BEIRUT (Reuters) - Satellite images have confirmed the destruction of a Roman-era temple in the Syrian city of Palmyra, a United Nations agency said, after the hardline Islamic State group claimed responsibility for blowing up the structure a week ago.
Islamic State detonated explosives in the ancient Baal Shamin temple on Aug. 25, an act that cultural agency UNESCO has called a war crime aimed at wiping out a symbol of Syria’s diverse cultural heritage.
An analysis of an image taken in June and others taken several days ago show the obliteration of the temple in the central desert city, the Geneva-based United Nations Institute for Training and Research said in a statement.
“We confirm the destruction of the main building, while surrounding columns seem to be less affected.”
Activists have said Islamic State is tightly controlling communications in the city, making its reports of events difficult to verify independently.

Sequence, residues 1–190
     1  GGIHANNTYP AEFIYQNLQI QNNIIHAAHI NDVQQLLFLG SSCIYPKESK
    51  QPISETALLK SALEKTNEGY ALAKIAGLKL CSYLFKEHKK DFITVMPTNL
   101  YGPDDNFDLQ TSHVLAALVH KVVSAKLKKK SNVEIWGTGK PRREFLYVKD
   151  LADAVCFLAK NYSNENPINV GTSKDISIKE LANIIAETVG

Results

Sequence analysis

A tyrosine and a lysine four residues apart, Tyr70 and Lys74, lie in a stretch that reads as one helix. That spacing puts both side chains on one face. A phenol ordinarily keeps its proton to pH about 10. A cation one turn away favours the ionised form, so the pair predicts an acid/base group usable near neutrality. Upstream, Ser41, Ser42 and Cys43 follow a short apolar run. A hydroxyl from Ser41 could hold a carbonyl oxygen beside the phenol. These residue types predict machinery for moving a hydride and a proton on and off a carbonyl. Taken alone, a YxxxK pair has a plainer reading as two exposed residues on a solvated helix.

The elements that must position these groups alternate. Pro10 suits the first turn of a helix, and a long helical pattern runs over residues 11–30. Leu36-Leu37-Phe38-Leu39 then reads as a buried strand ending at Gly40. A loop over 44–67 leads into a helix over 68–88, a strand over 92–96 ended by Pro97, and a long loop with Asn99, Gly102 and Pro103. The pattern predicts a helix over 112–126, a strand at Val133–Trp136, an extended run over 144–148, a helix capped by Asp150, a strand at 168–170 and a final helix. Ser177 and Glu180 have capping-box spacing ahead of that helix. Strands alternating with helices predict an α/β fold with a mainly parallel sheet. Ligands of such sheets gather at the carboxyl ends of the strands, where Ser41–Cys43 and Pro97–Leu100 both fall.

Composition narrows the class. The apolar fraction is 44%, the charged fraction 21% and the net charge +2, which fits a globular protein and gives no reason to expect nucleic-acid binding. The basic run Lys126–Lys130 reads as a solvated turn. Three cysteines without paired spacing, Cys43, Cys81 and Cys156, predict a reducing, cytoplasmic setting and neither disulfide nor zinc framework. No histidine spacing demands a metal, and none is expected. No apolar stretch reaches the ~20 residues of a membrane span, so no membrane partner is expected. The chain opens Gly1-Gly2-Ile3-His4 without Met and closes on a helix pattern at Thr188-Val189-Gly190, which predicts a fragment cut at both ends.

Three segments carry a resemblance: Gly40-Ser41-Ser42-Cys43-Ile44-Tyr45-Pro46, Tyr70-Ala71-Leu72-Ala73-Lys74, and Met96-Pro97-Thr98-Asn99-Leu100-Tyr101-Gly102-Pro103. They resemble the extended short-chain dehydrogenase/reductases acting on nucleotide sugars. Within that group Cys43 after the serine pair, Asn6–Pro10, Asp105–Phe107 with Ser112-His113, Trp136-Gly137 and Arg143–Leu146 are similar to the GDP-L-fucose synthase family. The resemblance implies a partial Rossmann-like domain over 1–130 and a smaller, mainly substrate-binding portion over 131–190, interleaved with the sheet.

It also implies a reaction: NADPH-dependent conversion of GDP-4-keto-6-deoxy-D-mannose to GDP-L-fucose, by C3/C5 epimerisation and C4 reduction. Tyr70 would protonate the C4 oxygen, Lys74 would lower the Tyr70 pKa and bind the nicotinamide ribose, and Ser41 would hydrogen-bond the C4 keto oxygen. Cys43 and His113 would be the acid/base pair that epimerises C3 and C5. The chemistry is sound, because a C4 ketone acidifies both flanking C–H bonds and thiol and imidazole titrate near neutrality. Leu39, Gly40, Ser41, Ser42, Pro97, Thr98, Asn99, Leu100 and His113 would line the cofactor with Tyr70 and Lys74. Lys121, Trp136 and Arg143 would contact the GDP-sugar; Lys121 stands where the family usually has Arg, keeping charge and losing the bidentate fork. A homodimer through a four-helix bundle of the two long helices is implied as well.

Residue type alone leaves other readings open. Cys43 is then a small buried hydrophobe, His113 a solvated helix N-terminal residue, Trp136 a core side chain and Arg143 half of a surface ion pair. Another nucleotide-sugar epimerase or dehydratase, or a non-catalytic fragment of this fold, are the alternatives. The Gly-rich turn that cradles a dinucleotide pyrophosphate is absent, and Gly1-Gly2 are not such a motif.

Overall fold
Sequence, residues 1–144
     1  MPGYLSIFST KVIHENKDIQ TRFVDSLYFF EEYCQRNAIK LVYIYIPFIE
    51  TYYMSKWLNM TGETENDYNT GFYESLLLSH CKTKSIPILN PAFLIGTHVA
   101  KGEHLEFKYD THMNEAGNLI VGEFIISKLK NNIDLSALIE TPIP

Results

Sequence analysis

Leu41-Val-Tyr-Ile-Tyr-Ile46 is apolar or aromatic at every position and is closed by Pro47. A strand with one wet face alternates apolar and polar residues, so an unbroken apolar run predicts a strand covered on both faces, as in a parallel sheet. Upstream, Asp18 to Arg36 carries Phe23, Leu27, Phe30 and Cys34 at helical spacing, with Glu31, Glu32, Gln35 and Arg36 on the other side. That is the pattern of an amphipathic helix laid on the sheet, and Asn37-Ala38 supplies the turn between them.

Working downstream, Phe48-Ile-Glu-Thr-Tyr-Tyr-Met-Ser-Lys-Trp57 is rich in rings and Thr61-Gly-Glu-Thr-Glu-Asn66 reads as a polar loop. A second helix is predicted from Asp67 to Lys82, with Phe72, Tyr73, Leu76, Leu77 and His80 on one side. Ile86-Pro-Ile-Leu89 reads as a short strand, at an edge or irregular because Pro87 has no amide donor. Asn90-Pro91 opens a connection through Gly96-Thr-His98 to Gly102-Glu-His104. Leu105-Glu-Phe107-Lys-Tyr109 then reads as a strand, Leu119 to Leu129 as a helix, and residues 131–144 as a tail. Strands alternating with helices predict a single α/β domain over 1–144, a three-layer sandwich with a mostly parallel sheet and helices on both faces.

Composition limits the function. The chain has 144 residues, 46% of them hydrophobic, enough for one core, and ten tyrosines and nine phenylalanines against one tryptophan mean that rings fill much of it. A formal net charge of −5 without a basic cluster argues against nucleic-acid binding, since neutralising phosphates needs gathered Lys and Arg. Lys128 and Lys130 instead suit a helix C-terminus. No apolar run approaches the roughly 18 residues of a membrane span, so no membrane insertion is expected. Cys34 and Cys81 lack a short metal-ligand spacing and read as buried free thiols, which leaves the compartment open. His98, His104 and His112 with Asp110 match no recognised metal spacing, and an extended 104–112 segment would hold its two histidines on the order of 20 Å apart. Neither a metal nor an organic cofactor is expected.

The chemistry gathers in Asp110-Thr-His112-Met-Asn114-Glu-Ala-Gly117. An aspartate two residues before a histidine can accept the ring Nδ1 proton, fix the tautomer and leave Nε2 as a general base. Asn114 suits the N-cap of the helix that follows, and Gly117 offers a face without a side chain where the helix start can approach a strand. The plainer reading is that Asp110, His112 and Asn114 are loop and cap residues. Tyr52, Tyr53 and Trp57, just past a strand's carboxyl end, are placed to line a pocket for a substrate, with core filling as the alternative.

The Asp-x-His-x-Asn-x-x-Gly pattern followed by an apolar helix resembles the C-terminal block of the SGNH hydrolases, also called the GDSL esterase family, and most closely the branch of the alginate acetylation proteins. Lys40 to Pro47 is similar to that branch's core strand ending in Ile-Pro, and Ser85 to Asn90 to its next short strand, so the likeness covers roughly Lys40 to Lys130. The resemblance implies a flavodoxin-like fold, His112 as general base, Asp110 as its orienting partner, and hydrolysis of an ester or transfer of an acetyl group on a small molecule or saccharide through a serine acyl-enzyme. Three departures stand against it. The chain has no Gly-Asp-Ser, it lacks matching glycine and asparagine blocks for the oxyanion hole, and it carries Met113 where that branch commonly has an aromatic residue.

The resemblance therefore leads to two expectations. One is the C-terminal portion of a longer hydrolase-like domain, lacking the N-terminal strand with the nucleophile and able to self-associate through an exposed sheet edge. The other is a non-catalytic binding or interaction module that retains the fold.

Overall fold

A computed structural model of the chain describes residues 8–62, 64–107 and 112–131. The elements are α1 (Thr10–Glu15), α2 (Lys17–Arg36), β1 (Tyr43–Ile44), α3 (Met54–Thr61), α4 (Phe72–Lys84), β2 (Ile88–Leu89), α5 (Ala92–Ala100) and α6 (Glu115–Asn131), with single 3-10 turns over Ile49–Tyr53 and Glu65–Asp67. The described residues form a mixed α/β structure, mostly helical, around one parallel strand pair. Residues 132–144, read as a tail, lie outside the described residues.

Islamic State has proclaimed a caliphate to rule over all Muslims from territory it holds in both Syria and Iraq. It has often carried out mass killings in places it captures and demolishes monuments it considers sacrilegious.
Islamic State published a photo report of the destruction on Tuesday. The group also beheaded Khaled al-Asaad, an 82-year-old Syrian archaeologist who had looked after Palmyra’s ruins for four decades, and hung his body in public, according to Syria’s antiquities chief.
The group seized the desert city of Palmyra in May from government forces but initially left its historical sites unharmed.
Reporting by Sylvia Westall; Editing by Ruth Pitchford